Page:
There’s a story the rabbi in Anatevka once told me about the great sage, Rabbi Akiva. Once, he went on a long trip. When he reached a village and asked for lodging he was refused. He said, “Whatever God does is for the best.”
He spent the night in an open field. He had with him a lamp, a donkey and a rooster. The wind came and blew out his lamp, but he said, “Whatever God does is for the best.” Then a lion came and ate the donkey, and a cat killed the rooster. Nevertheless, Rabbi Akiva said, “Whatever the Merciful One does is for the best.”
That night, the town was ransacked and the inhabitants were taken away and made slaves. Rabbi Akiva repeated that “whatever God does is for the best.”
You might ask, “How could he say such a thing?”
Well, Rabbi Akiva explained, “the light of the lamp, the braying of the donkey and crowing of the rooster might have disclosed my whereabouts to the robbers.”
That’s a long way of getting around to the news. The Sabbath after I finally broke through Golde’s grief, I comforted her as the Bible commands a husband to do. I would like to say that it was my nocturnal charms that helped her come back to life, but it took several more weeks before Golde was ready to work again. Fortunately, her appetite quickly returned. Boy did it return. She began to eat like my horse. Sarah was worried that Golde was having a wild mood swing and was going to stuff herself to death instead of starving. But I could tell she was starting to recover, to the extent anyone can ever really recover from the shock of losing a child. Hopefully, the great sage Ibn Gabirol was right when he said, “Everything that grows begins little and becomes big, except for grief: it starts big and becomes little, until it disappears.”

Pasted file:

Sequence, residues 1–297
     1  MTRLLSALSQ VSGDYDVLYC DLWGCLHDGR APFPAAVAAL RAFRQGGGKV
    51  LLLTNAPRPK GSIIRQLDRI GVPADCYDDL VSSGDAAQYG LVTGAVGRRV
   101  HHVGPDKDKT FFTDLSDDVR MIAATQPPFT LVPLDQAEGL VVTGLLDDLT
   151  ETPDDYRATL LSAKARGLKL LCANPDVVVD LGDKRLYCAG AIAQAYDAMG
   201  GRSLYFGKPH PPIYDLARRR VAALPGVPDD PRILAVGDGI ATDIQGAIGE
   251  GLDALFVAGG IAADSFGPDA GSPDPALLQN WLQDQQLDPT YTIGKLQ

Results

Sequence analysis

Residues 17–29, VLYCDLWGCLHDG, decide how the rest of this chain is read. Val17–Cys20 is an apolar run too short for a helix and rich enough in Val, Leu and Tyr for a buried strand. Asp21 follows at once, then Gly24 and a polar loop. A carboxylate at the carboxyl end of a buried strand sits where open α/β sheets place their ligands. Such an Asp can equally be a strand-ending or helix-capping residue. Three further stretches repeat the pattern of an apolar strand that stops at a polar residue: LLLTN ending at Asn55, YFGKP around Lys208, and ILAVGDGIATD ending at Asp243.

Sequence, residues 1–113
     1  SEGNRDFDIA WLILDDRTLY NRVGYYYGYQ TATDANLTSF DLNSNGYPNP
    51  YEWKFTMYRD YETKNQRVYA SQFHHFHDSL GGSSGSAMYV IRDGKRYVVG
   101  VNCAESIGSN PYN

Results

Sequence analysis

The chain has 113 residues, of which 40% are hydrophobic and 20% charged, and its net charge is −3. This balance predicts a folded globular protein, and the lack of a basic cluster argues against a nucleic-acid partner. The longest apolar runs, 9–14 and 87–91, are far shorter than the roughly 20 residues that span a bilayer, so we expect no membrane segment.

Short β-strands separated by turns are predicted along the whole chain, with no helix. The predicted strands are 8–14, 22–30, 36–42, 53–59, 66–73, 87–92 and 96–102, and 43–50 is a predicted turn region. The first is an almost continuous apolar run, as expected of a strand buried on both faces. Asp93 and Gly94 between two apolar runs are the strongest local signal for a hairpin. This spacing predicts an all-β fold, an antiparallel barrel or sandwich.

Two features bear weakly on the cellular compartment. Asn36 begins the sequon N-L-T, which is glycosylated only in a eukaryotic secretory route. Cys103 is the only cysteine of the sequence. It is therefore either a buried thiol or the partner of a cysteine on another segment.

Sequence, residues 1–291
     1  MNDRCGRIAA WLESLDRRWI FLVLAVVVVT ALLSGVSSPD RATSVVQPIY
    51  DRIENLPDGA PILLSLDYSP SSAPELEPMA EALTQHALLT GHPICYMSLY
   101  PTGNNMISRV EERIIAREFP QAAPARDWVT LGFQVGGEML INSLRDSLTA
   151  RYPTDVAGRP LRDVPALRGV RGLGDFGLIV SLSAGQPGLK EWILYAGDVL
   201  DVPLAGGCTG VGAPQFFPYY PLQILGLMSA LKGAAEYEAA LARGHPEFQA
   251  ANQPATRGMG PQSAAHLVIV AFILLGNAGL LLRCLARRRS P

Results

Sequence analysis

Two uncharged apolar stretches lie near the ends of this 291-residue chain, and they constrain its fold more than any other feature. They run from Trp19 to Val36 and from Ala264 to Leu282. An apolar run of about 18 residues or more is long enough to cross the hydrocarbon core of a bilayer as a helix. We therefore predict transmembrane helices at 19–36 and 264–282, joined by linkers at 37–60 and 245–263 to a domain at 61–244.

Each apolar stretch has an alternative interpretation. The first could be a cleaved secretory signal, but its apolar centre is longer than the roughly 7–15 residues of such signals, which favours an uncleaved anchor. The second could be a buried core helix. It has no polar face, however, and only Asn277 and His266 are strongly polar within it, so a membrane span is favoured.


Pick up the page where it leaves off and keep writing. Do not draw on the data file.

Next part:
Golde was in the middle of a midday feast of apples, yogurt, cucumbers, bread and jam when Sarah came into the house with a letter. Golde stopped eating and suddenly grew pale. I could tell she was frightened that it would be some new catastrophe that would throw her back into the abyss. She wouldn’t even touch the letter.
Sarah started to hand it to me. “No, you read it,” I said.
“Okay. It’s from Tzeitl,” Sarah said softly, sensing our anxiety.
“Please God, bring us good news this once,” I prayed quietly.
“Dear Mama and Papa: How is everyone? You can’t imagine how much we miss you and long to be in your arms again. The political situation in Russia is growing worse each day. We worry that it will spill over here to Poland. The Jews who thought the worst was over when Lenin died are finding out that Stalin has no greater love for the Jews than either Lenin or the Tsar; he may have less than both.”
Sarah looked up at me. I was afraid to hear what might come next, but it was too late to halt the messenger from delivering the message. I smiled and nodded.
“But this is not what I wrote to tell you. You remember that Motel had fallen ill. The hours he works — oh Papa, you should see how hard he works — in the dark, damp basement took a toll and he developed a horrible cough. Thanks be to God, he has recovered. And now I make sure he gets rest and fresh air. The children are growing like weeds. I can hardly believe I’m a mother. It seems like only yesterday I was playing the games that they now play.”
I looked over at Golde. Her whole body sagged as if her bones had dissolved. The tension escaped like the air from a balloon. Now a hint of a smile was on her face. It’s the happiest she’s looked since Shoshana’s engagement was announced.
“I can’t believe it either. My big sister a mother,” Sarah said before continuing to read. “I have wonderful news. Hodel has just arrived!”
“Hodel, ah!” Golde brought her hands to her mouth and shook her head.
“Mama, listen. She is in a surprisingly good mood and has quite a tale to tell. I will let her relate it herself. I can say she looks fantastic and her spirit is unbroken. I can’t tell you how wonderful it is to have her here with us.”
I could see Sarah fighting back tears. I knew how much she missed her sisters, but she was sensitive enough not to say anything in front of her mother.
This excerpt is from Mitchell Bard’s novel, After Anatevka – Tevya Goes to Palestine available now in paperback and on Kindle.